The most striking characteristic of this tapestry is its capability of referring to itself and its elements. The book itself is in the fashion of a vast jigsaw puzzle, similar to the ones Bartlebooth has been solving throughout his life. All the different stories and characters are the random pieces of the puzzle. As you are going through them, you engage yourself in joining them together, groping around in dark, unsure of yourself. Eventually, at the end, this tapestry emerges with full splendour.

The quixotic effort of Bartlebooth and that of the author touch upon yet another theme. However hard a person tries to attribute a meaning to an act, ultimately it is devoid of any significance, or rather, if it has any significance at all, that is purely random (remember Sassure’s “Signifier – Signified” duo which is random). We are nothing but preys of an illusory meaningfulness which we pursue till the end of our lives. The effort of both Bartlebooth and Perec is a mockery of this illusion. At the end, Bartlebooth dies without finishing the project, in the process of becoming aware of the impossibility of such a task.

While Bartlebooth’s bizarre project provides the central theme, 11 Rue Simon-Crubellier gives the book its structure. Supposedly, the narrative moves like a Knight in a chess game, one chapter for each room (thus, the more rooms an apartment has the more chapters are devoted to them). Perec haults in each room and tells us about the residents of the room, or the past residents of the room, or about some of their acquaintances. Perec devises the elevation of the building as a 10×10 grid: 10 storeys, including basements and attics and 10 rooms across, including 2 for the stairwell (the plan is given at the end of the book, along with a 58 pages long Index!). Each room is assigned to a chapter, and the order of the chapters is given by the knight’s moves on the grid.

George Perec was a member of the OuLiPo (“Ouvroir de littérature potentielle”, which translates roughly as “workshop of potential literature”) group. The members of the group were devoted to “constrained writing” techniques (Perec himself wrote an entire book without using the vowel e for once). In this novel also, there are certain constraints that he subjects himself to, like the number of lists in each chapter, number of objects etc. Unfortunately, as an uninitiated reader, I couldn’t delve deep into such numerological nitty-gritty.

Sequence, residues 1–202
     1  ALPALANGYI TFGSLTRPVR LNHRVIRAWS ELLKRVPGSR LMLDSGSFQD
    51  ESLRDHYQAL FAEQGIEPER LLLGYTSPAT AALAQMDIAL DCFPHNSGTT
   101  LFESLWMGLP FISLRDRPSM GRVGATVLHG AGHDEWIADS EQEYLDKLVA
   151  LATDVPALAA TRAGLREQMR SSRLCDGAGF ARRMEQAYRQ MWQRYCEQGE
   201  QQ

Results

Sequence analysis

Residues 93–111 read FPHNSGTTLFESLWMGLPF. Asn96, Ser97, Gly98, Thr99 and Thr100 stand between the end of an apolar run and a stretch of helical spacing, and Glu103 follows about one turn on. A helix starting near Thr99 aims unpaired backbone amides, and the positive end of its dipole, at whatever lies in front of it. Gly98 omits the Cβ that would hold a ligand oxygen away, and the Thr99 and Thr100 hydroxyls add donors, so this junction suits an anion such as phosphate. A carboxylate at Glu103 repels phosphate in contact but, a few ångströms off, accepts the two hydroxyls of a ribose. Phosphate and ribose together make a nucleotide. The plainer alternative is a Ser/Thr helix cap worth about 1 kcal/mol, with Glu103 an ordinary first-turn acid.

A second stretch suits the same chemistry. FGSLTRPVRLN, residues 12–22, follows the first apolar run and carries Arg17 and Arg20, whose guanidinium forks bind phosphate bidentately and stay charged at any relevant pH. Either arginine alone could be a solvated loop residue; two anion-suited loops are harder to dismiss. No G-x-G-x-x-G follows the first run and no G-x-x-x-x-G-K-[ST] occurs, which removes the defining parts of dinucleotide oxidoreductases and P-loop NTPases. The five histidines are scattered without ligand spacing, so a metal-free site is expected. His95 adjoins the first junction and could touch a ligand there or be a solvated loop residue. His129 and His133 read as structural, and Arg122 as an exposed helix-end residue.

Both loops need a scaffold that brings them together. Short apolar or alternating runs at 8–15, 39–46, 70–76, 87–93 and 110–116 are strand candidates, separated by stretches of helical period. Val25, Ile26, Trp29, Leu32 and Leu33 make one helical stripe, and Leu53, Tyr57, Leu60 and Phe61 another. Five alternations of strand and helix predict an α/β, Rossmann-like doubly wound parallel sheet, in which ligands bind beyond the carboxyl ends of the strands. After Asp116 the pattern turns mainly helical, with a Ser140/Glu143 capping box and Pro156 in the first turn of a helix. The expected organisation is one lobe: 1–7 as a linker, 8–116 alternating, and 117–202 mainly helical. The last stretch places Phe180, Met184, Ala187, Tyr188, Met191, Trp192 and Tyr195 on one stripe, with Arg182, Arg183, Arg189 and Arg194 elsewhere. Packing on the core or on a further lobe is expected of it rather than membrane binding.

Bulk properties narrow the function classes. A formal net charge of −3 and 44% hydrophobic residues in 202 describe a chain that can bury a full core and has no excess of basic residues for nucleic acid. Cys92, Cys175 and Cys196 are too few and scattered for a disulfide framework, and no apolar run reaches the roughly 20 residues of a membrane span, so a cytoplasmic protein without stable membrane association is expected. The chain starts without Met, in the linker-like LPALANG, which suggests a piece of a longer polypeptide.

The book swarms with numerous references to other authors, books and characters, including Jules Verne, Captain Nemo, Passepartout, Kafka, Nabokov, Gaston Leroux, Cheri-Bibi, Marcel Proust and so on. As a novice reader it is an unpardonable audacity to even think of uncovering all those subtle nuances, but if you can, at least, sneak a peek at some of them, you will be justly rewarded. But be careful, there are plenty of red herrings, which may soon thwart you off the track.

Another nasty twist at the end of this post! It is not Perec, who is describing all these disparate elements of a story. Rather, he is just describing the concept behind an unfinished sketch by Valene (the art teacher of our old friend Bartlebooth), aspiring to depict the building and its residents in fullest possible details (yes, along with the incidents from their past lives). Valene stops working on this painting precisely at the moment of Bartlebooth’s death!

What should be said about this one-of-its-kind book, if not diabolic?

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Souva Chattopadhyay
Souva Chattopadhyay 2 posts

A bibliomaniac, trying to reconstruct his memory bit by bit.